Lonely Planet Writer

Croatia is significantly raising its tourism tax in 2019

Croatia has quickly become one of Europe’s most in-demand destinations, with travellers from all over the world flocking to the coastal country, which boasts turquoise waters and plenty of islands to explore.

The old town of Dubrovnik is surrounded by old, solid walls. Image by ©John and Tina Reid/Getty Imagessite

But with that surge in popularity, the country is looking at ways to help maximise the benefits it receives from all the eager travellers. In response, the Croatian government has decided to raise its tourist tax by 25% in the peak season next year. The tourism tax is applied to each person in all accommodation types, excluding campsites, around the country. However, the daily increase will be a small impact on travellers, as it will rise from eight kuna (US$1.25 ) to 10 kuna ($1.57).

While the slight per person increase might not make much of a different to travellers’ pockets, it is hoped that it will bring a boost in revenue to the country. The funds raised will go to the tourism board to promote Croatia as a top destination for travellers.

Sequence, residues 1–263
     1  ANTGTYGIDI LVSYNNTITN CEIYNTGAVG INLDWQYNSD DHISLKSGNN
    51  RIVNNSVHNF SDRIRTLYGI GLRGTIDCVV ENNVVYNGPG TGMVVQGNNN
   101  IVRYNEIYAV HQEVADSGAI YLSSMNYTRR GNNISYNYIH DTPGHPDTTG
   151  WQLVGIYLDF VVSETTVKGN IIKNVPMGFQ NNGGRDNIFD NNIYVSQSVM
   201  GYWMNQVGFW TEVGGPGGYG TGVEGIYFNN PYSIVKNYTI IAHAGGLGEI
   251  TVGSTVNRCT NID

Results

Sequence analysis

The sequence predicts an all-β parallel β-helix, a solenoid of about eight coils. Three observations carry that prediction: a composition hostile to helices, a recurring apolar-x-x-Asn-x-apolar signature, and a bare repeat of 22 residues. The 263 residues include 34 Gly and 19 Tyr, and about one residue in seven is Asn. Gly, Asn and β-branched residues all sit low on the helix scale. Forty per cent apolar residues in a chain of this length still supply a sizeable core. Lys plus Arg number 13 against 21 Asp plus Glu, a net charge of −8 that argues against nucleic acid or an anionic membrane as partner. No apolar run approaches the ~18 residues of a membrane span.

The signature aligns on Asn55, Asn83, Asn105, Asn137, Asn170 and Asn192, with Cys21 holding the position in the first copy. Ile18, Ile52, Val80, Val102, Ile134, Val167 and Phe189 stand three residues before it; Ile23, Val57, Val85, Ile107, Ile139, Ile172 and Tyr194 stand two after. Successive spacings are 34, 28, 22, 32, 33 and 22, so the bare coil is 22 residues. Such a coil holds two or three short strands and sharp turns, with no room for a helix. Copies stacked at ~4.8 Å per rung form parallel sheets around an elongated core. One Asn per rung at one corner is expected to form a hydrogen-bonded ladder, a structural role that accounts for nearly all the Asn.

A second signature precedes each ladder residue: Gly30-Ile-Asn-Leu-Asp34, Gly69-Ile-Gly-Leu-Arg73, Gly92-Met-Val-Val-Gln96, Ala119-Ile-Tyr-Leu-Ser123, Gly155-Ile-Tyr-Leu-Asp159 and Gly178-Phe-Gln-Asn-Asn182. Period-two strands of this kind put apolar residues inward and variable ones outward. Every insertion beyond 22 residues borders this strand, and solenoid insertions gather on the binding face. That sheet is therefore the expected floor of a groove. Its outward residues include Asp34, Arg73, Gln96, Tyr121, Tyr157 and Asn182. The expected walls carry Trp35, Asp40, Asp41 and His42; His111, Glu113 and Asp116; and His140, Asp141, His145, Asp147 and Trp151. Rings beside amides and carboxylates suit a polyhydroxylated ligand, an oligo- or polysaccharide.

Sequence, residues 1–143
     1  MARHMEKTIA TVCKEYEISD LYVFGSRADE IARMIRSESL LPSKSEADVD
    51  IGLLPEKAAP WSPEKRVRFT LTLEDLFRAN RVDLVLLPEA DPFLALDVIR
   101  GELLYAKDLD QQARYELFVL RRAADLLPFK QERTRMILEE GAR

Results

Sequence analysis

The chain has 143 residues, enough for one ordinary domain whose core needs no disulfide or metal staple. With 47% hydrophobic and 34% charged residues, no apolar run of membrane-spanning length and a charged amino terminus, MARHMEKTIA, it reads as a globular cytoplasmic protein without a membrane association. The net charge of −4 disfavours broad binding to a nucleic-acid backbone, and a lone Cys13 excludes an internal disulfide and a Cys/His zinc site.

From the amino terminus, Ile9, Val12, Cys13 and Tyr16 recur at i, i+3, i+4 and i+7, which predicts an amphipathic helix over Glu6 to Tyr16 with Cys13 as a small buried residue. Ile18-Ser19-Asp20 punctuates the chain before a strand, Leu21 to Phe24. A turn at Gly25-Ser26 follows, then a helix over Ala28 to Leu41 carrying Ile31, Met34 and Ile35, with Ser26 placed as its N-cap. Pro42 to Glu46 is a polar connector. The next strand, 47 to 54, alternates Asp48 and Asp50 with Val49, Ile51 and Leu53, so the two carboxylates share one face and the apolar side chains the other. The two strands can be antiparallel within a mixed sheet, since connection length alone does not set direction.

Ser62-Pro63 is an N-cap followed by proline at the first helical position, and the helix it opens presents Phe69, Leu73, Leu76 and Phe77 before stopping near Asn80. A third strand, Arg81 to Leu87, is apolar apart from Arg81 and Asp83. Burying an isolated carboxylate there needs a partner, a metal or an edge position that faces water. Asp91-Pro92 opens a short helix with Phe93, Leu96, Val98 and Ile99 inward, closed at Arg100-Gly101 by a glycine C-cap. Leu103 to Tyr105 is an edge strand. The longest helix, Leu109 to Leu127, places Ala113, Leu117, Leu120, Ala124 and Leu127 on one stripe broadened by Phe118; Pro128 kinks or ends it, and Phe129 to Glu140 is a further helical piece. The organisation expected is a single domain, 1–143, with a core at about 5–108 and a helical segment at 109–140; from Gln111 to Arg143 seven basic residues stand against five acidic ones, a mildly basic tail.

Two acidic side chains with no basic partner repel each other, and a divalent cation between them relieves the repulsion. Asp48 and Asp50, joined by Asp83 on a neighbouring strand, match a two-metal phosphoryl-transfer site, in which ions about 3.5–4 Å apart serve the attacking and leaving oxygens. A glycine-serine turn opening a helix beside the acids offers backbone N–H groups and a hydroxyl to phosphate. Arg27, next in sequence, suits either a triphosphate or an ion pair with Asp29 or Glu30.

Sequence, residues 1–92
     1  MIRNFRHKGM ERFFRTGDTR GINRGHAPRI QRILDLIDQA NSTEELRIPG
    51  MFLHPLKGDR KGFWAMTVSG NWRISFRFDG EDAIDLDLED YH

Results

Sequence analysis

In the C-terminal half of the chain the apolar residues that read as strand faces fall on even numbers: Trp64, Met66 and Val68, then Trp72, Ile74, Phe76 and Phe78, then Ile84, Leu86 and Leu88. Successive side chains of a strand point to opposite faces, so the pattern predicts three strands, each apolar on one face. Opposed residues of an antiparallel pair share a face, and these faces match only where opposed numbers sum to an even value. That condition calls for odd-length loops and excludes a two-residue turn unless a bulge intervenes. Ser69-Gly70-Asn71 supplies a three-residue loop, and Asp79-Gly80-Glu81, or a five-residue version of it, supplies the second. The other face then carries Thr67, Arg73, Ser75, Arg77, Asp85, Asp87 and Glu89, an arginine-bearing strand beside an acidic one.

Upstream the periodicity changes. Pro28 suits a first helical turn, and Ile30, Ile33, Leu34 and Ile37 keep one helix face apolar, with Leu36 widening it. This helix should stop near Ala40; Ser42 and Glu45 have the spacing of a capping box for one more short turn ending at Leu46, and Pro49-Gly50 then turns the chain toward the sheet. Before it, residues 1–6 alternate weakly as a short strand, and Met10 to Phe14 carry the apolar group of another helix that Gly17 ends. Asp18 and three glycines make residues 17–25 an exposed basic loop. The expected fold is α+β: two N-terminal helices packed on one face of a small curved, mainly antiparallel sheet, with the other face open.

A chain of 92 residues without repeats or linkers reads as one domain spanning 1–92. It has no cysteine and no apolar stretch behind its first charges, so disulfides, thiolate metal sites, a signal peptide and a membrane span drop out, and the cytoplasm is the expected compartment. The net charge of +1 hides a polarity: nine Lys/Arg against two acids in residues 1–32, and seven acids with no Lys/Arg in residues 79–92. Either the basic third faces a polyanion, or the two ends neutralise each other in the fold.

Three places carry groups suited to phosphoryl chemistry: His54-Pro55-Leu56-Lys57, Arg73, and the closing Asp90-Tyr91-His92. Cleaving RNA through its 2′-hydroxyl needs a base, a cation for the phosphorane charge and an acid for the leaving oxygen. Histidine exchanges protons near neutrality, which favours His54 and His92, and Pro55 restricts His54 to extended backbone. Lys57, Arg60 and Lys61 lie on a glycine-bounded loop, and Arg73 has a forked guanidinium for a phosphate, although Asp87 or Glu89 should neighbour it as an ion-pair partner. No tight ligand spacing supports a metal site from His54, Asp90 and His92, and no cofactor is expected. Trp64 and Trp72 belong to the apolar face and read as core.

Water cascading into one of Plitvice’s upper lakes. Image by ©Mark Read/Lonely Planet

In recent years, Croatia has been one of the fastest-growing tourist destinations in Europe as travellers flock to enjoy its stunning coastline, temperate climate and amazing cuisine. Some of the interest – particularly for travellers heading to Dubrovnik – has been its role as King’s Landing in Games of Thrones series, which has led to tours to the filming locations of the hit HBO series becoming a common offering in the city. There’s also the impact of cruise ships that arrive in the city, which has led to fears of over-tourism and efforts to limit the numbers of visitors in the historic Old Town.

Destinations around the world have existing tourist taxes and many spots are mulling increases to better offset the impacts of mass tourism. New Zealand recently accounted that its new tourist levy will be enforced in mid-2019, meaning international visitors will pay NZ$25 to $35 when they visit.